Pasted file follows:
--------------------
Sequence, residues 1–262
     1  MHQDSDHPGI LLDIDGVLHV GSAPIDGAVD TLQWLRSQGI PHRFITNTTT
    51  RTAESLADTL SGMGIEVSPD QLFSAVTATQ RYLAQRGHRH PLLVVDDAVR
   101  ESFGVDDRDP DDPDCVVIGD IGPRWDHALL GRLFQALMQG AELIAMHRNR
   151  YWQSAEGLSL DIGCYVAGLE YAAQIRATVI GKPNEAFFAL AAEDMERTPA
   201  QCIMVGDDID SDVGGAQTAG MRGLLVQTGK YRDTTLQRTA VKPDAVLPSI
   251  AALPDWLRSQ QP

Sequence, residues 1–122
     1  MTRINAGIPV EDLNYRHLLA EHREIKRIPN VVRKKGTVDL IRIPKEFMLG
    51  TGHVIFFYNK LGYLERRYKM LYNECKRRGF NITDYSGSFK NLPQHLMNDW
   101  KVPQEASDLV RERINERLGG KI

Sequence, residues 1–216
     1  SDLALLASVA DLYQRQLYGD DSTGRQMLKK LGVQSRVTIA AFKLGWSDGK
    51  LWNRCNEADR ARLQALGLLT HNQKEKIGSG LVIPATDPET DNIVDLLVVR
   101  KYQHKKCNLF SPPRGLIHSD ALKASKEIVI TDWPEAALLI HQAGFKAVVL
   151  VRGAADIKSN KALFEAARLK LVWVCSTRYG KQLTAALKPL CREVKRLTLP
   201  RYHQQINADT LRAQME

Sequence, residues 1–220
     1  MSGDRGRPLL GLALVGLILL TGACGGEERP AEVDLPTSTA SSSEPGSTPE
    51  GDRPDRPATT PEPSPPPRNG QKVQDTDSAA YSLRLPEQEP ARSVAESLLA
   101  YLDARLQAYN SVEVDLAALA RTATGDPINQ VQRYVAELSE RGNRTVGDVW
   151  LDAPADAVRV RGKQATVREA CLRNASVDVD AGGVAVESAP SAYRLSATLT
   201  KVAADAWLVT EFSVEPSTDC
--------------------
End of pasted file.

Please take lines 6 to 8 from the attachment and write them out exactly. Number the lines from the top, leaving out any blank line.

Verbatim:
   201  QCIMVGDDID SDVGGAQTAG MRGLLVQTGK YRDTTLQRTA VKPDAVLPSI
   251  AALPDWLRSQ QP

Sequence, residues 1–122